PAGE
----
All work and no play? Flexitime might be for you…
Regardless of your occupation, having the ability to organise your working hours in a way that suits you, whilst not compromising your hours and standard of work, could be the easiest way to maintain a steady work-life balance.
Here’s a quick rundown of everything you need to know about working on a flexitime basis:
What is flexitime?
Flexitime (AKA flexi time) is a flexible way of working which allows employees to fit their working hours around their individual needs, and accommodate for other commitments outside of work.
They do this by communicating with their employer to create an adaptable work schedule that’s different to the set timings of the standard working day (e.g. ‘9-to-5’). This may involve working from home, or adjusting starting and finishing times around the core hours (e.g. ‘10-to-4’).
It would then be up to the employee to choose when they work (with their employers permission), provided that the total hours add up to the amount required by their contract.
Can I work flexitime?
Although traditionally associated with parents or carers, anyone who has worked with their current employer for at least 26 weeks is entitled to apply for flexitime work.
Many employers even offer flexitime as part of their employee benefits.
If it isn’t currently offered in your workplace, you’ll need to make a statutory application, which will then need to be approved by your employer before the change is permitted.
How do I qualify for flexitime?
The flexi time policy you’ll need to adhere to is usually specific to your workplace, and dependent on your employer.
As well as adhering to the legal requirements, you must also exhibit a high level of self-motivation, and be able to manage your own time effectively.
The way your hours are tracked will be up to your employer, but it is generally based on the use of time management software (AKA flexitime software), combined with a level of trust.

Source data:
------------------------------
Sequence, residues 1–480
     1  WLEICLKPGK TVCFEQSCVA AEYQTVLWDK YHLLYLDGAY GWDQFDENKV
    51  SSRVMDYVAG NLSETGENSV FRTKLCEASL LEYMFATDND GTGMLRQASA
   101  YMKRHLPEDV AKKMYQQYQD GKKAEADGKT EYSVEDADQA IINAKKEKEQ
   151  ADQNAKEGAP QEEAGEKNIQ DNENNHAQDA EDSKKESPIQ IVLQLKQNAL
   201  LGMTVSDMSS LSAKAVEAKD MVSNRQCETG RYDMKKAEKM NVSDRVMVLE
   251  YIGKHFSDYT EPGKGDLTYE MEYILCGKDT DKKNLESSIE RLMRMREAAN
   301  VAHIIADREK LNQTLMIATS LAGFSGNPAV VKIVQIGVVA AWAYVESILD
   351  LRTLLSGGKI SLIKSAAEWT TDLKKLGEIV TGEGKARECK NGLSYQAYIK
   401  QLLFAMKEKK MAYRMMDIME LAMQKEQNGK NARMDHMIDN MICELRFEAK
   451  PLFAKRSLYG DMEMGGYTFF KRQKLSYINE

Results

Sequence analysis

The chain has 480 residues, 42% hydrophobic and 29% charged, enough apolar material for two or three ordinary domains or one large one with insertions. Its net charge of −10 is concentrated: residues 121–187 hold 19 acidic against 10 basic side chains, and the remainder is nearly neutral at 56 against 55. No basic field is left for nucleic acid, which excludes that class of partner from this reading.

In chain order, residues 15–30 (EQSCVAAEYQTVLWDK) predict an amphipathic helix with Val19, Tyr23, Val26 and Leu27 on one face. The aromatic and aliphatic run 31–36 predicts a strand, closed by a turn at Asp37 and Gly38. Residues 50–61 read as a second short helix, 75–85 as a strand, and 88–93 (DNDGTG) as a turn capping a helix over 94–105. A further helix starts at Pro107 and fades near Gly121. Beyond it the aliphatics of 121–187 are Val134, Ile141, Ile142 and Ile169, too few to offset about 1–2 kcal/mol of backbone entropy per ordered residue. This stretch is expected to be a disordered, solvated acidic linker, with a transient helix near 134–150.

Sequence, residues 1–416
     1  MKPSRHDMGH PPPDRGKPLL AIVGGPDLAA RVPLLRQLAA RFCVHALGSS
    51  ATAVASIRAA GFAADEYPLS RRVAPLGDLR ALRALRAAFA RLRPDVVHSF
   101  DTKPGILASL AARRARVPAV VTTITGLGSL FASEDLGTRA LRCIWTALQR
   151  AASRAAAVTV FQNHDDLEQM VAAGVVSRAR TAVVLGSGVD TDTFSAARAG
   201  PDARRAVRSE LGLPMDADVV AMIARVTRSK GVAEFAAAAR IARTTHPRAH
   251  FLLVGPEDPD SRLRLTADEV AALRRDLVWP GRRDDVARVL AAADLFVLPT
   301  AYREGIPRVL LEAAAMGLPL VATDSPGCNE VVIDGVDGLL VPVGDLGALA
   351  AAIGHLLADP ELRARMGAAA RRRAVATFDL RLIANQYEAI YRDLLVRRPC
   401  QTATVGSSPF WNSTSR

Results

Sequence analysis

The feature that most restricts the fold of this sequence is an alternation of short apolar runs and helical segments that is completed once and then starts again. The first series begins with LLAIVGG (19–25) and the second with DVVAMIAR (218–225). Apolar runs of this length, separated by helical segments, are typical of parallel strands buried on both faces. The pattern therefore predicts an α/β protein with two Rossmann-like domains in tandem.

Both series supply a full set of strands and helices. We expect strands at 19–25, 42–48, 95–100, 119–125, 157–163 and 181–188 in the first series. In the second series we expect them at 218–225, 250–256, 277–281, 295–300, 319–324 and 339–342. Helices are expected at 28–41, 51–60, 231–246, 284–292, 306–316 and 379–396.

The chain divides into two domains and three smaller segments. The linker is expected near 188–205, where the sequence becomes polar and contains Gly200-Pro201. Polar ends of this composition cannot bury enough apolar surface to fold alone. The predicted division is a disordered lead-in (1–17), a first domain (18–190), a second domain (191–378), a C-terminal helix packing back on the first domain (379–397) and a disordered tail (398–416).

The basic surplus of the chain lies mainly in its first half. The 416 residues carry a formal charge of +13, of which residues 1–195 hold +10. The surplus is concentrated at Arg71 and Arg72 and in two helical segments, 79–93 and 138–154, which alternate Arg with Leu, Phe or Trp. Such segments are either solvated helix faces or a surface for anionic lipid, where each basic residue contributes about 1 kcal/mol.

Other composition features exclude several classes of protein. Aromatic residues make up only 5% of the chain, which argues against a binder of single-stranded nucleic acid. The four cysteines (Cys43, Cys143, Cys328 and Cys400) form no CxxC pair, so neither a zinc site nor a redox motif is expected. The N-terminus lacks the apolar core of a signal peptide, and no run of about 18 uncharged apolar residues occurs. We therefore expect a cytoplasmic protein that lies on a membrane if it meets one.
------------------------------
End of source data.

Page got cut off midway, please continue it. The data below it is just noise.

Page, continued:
What kind of industries allow flexitime work?
Workers in any industry can request to work on a flexitime basis, as long as they adhere to the above requirements.
Your employer has a legal obligation to consider your request under any circumstances, and although they can refuse, it must be justified with good reasoning (such as extra costs which might be incurred, or specific reasons for set business hours).
Are there other types of flexible working?
In addition to flexitime work, there are other ways to alter the way your work schedule is organised, and some involve reducing your working hours as well as changing your shift patterns. These could also be used in conjunction with flexitime schemes. Here are a few examples of flexible working:
- Job sharing – A role is split between two employees, resulting in a shared workload. Tasks would be allocated to each person, and the reduced amount of work would allow each of them to work more flexibly.
- Working part-time – The amount of hours worked are reduced, often by cutting down the amount of days or by making each day shorter.
- Working from home – If possible, an employee might be able to do their work from home instead of traveling into work every day (although they might still work the same hours).
- Compressed hours – The employee works the same amount of hours, but within fewer days.
- Annualised hours – The hours an employee works must equal to a certain amount yearly, but can be worked flexibly, and alter dependent on when the busiest times are.
- Staggered hours – The start time, finish time, and break time is varied.
- Shift swapping – Employees organise shifts amongst each other, and swap hours between them to make sure they work best for each individual person.
In all of these instances, the amount of flexibility you have will be greatly dependent on your individual role, responsibilities, and working environment.
What are the benefits of flextime?
There are many advantages of using flexitime, and it has the potential to benefit both the employee and the employer.
Employees might choose to work on a flexitime basis to avoid a long or busy commute, to allow time to work around childcare, or even to maintain a steady work/life balance by giving themselves time for their own hobbies or sports.
Employers often offer flexitime work to increase staff retention, and broaden their recruitment opportunities. As it can also result in happier employees, companies who utilise flexible working hours could benefit from a boosted morale and higher level of productivity within the business.
How do I work flexitime?
If you think working on a flexitime basis could make your life easier, and would be possible in your field of work, read more about how to ask for flexible working hours.
Need a more flexible position? View all current vacancies now.
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